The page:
Gural Finally Secures Flatiron Building for $161.5M in Redo Auction
Gural and partners plan to convert the upper portion of the famed building to residential.
The second auction for the Flatiron Building went off without interference from Soundcloud DJs Tuesday afternoon.
Jeff Gural and his partners — sans Nathan Silverstein — managed to retain the property with a winning bid of $161.5 million, a price that was driven up only by bidders who had presented the court-appointed referee with a $100,000 deposit, with plans to convert part of it to residential.
“It’s a relief, we finally own the whole building and buy out Nathan’s share, so it’s a good day for us,” Gural said following the auction.
There was no Jacob Garlick in sight on the front steps of the courthouse at 60 Centre Street, where just two months prior he outbid the current owners at $190 million, something that came to be viewed as a suspicious attempt to snag the historic landmark when he failed to pay the $19 million deposit that was due two days after the bidding closed.
Gural said he bears no animosity toward Silverstein or Garlick. In fact, he feels sorry for the latter, saying he believes Garlick genuinely wanted to own the property. Now the new owners plan to make the top half of the landmarked building residential while keeping the lower half as office space.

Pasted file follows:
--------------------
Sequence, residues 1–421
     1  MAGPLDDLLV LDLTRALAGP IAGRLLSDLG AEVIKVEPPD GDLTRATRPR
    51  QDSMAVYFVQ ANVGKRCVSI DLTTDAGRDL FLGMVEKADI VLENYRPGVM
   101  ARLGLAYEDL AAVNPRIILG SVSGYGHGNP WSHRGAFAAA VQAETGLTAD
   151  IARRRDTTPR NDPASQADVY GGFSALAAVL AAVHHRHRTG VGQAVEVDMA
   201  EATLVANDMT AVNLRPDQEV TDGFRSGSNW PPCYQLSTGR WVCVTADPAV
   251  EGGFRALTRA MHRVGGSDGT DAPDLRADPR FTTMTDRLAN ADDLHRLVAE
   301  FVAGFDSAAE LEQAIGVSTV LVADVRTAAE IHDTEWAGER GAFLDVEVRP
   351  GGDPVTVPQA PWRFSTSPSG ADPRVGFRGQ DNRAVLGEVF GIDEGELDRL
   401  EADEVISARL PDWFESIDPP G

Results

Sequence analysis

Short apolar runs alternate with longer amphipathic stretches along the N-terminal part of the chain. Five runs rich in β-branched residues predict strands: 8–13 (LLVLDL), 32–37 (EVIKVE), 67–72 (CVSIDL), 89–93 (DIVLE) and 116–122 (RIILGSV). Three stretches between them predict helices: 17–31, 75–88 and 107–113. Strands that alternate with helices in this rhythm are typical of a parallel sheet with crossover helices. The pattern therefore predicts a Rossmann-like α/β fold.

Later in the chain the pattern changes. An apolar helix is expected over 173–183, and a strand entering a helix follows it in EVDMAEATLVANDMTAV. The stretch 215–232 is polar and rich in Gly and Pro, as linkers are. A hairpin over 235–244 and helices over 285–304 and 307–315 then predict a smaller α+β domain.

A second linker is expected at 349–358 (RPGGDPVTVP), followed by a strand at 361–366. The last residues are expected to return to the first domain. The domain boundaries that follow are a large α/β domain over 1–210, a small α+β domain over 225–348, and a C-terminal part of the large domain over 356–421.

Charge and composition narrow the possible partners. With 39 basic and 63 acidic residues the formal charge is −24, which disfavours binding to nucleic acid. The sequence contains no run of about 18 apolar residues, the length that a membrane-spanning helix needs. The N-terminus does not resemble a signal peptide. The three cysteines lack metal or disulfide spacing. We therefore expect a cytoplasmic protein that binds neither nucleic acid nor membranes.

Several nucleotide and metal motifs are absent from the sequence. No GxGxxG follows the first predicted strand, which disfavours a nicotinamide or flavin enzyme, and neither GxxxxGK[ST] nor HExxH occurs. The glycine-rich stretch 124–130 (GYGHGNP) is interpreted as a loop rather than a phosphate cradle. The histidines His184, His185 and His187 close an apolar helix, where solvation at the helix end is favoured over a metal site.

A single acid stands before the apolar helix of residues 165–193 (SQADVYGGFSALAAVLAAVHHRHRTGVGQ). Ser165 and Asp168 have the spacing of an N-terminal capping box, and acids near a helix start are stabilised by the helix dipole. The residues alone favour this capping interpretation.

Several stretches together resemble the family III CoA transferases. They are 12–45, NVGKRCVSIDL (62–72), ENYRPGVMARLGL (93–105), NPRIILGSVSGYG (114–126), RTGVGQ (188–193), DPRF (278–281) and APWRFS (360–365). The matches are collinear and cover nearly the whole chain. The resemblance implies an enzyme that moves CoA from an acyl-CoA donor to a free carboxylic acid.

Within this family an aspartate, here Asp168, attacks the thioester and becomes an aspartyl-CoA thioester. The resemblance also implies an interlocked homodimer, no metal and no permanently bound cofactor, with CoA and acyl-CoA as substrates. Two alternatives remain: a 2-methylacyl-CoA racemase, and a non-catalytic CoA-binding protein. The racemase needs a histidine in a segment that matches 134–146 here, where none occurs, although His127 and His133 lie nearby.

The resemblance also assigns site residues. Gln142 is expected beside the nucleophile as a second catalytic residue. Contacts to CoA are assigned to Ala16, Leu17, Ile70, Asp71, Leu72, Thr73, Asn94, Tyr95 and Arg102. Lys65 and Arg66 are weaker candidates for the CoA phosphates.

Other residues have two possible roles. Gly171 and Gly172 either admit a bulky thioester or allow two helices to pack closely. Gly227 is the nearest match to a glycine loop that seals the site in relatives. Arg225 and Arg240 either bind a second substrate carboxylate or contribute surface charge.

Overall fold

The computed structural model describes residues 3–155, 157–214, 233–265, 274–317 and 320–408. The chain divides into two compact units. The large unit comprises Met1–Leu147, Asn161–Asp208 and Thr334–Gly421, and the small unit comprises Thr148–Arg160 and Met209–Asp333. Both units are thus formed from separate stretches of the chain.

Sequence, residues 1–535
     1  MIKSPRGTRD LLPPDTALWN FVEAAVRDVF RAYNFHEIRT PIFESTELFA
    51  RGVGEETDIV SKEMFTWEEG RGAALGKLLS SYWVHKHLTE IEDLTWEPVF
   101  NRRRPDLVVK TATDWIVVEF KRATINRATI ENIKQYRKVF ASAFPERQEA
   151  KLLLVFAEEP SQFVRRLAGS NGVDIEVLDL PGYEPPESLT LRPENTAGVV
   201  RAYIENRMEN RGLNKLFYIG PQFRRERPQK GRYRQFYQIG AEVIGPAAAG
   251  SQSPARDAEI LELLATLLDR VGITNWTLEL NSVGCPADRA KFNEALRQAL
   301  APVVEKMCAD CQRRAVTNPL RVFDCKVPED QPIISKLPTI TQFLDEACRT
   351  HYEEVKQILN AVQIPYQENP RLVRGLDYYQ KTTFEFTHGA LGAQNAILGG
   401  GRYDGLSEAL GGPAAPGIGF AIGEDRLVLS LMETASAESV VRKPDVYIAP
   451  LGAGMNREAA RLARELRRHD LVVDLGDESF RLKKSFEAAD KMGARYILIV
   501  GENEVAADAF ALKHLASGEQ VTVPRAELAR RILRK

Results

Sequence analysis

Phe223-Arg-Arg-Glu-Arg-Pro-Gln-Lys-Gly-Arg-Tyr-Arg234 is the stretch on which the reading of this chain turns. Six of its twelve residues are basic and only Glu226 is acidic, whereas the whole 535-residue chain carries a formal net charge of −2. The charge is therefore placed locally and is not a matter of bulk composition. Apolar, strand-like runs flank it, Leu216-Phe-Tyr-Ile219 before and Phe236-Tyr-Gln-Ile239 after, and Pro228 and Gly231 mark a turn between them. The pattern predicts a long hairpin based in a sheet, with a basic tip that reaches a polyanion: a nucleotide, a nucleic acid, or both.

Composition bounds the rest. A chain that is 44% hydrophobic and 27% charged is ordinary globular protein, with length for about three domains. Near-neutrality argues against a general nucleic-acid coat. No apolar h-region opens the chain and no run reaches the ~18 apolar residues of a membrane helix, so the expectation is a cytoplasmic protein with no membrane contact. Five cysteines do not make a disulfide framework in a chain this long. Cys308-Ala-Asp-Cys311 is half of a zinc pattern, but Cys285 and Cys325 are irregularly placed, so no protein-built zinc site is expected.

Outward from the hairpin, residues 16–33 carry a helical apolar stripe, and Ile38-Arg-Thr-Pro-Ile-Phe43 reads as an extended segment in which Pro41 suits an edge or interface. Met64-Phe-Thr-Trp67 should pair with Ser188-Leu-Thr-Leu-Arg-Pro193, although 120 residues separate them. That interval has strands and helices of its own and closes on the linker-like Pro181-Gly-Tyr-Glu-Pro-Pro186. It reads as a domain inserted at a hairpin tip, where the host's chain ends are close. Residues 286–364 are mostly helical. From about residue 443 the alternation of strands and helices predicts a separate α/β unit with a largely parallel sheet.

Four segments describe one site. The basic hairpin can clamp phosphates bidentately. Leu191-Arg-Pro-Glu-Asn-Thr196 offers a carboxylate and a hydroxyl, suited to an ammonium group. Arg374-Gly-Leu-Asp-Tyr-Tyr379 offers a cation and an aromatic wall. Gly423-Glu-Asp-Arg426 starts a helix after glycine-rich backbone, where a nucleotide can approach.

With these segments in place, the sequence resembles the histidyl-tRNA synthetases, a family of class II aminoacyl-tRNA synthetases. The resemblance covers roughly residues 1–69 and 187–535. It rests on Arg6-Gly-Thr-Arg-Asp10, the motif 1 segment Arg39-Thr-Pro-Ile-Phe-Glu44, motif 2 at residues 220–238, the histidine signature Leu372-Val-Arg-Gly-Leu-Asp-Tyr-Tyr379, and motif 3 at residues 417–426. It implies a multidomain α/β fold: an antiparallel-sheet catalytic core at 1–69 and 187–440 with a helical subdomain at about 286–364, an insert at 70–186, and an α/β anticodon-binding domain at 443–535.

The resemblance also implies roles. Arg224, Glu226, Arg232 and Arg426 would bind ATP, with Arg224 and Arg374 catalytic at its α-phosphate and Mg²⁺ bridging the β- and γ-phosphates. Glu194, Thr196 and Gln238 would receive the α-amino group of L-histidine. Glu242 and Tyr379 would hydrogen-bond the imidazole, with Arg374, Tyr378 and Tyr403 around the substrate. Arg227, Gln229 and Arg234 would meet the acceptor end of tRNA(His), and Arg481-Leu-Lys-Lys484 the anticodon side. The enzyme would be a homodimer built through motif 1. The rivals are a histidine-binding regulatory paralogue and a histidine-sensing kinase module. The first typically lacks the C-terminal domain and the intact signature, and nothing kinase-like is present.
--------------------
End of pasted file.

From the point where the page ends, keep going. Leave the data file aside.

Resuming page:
“If we were to condo the building as residential, we’d make a lot of money,” Gural stated regarding how long it could take the partners to make the building profitable. “The problem with that is that you don’t own it anymore, and you have to pay taxes at ordinary income rates. So making a profit for us at the level that we own is not difficult. People will buy.”
Even without the drama of an unknown person in New York City real estate buying the building, the auction of 175 Fifth Avenue drew a hardy crowd of spectators.
Eli Lever, an executive with housing development company 21B Group, was one hopeful buyer who went to the bank for a cashier’s check for $100,000 and posted a redacted photo of it to Twitter with the caption, “Bidding funding secured!”
But, Silverstein fell out of favor with the other partners after publishing house Macmillan departed in 2019, leaving all 21 floors vacant. With the building needing up to $100 million in renovations, and Silverstein allegedly stonewalling those plans,, the other four partners took him to court in 2021. A judge set a partition auction for March 22.
The rest is history. Garlock drove the price up to $190 million, ghosted on the deposit and Gural declined the option to purchase the building at $189.5 million, and so May 23 became the date for the second auction.
But Garlick hasn’t exactly gotten away with wasting the Flatiron owner’s time.
As contingent in the original auction, a failure to pay would result in the winning bidder being required to pay the expenses to hold a second auction. But Gural and the other partners have gone a step further in suing Garlick’s firm, Abraham Trust, for damages and the full $19 million deposit as liquidated damages.
In the suit, the plaintiffs claim that Garlick knowingly breached that auction contract signed before bidding and drove the price up even without the financial capacity to cover the deposit, using 175 LLC to shield himself and Abraham Trust from liability.
They also suggest foul play in the complaint, stating that Garlick spent a few hours with Silverstein — a relative of his — the day before the auction.
Mark Hallum can be reached at firstname.lastname@example.org.